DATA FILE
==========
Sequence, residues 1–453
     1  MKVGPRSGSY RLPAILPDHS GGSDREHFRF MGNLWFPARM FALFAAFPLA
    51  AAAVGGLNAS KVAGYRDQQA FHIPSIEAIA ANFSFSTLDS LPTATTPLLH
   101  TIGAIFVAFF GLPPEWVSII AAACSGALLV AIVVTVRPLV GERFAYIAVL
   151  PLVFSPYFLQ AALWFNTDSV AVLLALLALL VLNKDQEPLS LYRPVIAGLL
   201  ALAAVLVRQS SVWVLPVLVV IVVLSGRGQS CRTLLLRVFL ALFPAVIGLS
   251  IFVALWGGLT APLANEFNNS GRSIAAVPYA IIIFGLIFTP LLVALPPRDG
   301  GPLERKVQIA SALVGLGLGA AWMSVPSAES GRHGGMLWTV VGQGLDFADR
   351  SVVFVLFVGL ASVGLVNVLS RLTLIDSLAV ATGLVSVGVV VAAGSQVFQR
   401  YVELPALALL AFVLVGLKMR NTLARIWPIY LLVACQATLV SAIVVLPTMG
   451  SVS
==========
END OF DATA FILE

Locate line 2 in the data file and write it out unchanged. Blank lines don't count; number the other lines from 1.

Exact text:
     1  MKVGPRSGSY RLPAILPDHS GGSDREHFRF MGNLWFPARM FALFAAFPLA